‘Who?’ an immature part of her wanted to reply, instead keeping her mouth shut as she stared the newcomer down. Mouthing off wouldn’t help her, something she had learned, painfully, when she went after them all those years ago. Quartz was new. She knew it. He knew it. She’d leave the grandstanding to him.

Instead, she formed four orbs behind her back, keeping them small as she slowly stood. She couldn’t fuck up here. Her armor would protect her, but not against being hit by what basically amounted to a giant truck. She was sure that the last part of this little gang would be showing up any second now.

She needed to act fast. She took a second to stare down at her knuckle duster and removed it, sliding it back into her pocket with a groan. It wouldn’t help her here.

“Names Quartz,” he continued, stepping forward. “And you’re about to have one hell of-”

She didn’t let him finish.

She shot her arm forward, her orbs turning yellow as they rocketed towards Quartz. She didn’t wait to see the outcome as she ran back to the factory floor and slammed the door closed behind her, anticipating the worst as she began the process of re-summoning.

Door. Projectile. Dive.

And the worst, of course, came.

The door exploded from its hinges just after she dove to the side, nearly hitting her as it slammed to the floor and slid along with a grating metallic screech. A spiked ball of crystal rolled after it before it came to a stop, Quartz shattering the crystal around him as he emerged once more.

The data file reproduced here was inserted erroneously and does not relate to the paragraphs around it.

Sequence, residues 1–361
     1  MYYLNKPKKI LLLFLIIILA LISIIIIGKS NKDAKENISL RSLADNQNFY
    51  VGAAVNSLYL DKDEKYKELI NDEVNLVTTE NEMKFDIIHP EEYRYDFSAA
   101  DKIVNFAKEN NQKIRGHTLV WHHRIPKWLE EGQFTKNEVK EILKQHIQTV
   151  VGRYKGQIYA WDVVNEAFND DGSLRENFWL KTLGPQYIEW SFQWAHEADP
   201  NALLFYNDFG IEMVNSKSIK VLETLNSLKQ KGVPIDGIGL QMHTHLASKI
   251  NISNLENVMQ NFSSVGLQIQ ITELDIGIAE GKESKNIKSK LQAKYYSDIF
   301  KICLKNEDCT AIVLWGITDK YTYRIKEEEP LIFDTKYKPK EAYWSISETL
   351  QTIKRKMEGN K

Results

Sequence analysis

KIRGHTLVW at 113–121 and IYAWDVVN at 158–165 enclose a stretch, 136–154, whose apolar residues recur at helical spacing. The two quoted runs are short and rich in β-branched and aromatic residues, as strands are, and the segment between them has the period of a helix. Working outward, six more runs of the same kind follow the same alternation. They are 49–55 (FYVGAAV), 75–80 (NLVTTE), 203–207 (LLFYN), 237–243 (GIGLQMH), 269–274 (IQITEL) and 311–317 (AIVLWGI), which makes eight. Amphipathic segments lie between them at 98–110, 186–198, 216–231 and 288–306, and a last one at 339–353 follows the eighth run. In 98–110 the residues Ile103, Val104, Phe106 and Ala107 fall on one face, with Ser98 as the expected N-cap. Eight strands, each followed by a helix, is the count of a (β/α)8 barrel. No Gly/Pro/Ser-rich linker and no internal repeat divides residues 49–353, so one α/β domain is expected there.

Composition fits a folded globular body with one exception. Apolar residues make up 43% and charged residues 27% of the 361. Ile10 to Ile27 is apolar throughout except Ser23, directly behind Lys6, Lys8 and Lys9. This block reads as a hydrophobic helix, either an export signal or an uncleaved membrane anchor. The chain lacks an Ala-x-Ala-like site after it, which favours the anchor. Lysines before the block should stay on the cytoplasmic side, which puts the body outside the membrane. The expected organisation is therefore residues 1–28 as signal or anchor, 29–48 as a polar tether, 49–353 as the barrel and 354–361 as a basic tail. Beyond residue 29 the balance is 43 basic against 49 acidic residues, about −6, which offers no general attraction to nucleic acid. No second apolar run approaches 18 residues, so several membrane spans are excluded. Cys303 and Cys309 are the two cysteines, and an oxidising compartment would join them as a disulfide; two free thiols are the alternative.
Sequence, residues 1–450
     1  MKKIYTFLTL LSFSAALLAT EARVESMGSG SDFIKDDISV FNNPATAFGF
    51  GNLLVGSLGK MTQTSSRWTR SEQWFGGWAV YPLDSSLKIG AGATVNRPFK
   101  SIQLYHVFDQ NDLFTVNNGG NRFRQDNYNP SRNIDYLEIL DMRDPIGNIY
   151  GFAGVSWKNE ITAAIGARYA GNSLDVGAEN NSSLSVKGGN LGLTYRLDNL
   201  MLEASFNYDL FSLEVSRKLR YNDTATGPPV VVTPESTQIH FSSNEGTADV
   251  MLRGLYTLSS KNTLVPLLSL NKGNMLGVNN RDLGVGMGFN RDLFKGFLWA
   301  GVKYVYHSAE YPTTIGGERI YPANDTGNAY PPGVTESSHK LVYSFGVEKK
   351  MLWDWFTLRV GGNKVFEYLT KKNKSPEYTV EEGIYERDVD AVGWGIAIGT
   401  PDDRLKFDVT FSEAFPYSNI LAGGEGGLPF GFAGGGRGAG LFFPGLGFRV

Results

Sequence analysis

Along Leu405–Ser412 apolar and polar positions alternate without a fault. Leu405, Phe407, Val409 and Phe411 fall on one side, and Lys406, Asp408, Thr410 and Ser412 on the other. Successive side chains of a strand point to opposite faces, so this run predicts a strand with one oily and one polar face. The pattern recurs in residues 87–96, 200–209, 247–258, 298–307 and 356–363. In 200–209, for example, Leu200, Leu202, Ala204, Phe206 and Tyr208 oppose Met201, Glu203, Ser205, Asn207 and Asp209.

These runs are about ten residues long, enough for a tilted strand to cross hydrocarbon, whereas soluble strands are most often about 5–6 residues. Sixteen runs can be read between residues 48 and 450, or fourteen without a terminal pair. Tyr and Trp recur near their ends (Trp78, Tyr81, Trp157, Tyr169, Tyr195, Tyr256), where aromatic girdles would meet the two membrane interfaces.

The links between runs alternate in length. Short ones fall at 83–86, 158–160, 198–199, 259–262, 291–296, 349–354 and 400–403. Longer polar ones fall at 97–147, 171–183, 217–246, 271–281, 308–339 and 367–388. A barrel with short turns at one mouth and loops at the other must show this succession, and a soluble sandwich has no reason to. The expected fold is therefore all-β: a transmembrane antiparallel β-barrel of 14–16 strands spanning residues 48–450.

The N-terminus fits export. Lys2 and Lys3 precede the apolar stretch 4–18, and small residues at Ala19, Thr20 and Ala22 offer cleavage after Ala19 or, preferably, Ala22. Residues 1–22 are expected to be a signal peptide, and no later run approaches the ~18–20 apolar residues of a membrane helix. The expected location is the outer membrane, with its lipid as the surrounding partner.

‘Okay’, she thought sullenly, the orbs rotating around her lazily. ‘Time to evaluate.’

Her regeneration, as thankful as she was to have it, wouldn’t do anything to save her if Quartz hit with that transforming bullshit correctly. She couldn’t rely on it. Out of all of his forms, she’d only seen the pillar and the spiked-ball so far, but she didn’t count on those being the only ones.

She paused her line of thinking as she saw him run forward before generating more crystal around him again, shaping a ball around himself as he rolled towards her at a quite frankly terrifying speed. She had plenty of time to get out of the way, even throwing three more orbs that did little else other than throw him off his course, but she knew he was trying to keep her busy. On her toes.

As if to prove her point, Quartz suddenly broke free from the ball and formed a spear, breaking it off from his arm and throwing it at her with enough force to blow scattered paper and trash away.

Spear. Projectile. Erase.

She made her orbs do the work of, just barely, erasing the weapon midair as she ran to a ladder, scrambling to climb it and throwing four more even as she resummoned them all. Quartz was good at what he did however, quickly forming a wall as her orbs impacted it, leaving Quartz, of course, unharmed.



As she found herself on the catwalk, Dana gave Quartz her best glare as he looked up at her, pacing back and forth in a twisted imitation of a lion waiting for its prey.

Her Dangersense was working wonders. It only ever warned her when her life was in true danger, and even then it took a few seconds to ‘recharge’ as it were. With how much it was being used now, she figured the new guy didn’t know that killing other capes was frowned upon. Sometimes, she lamented the fact that it just happened, and that she couldn’t control it.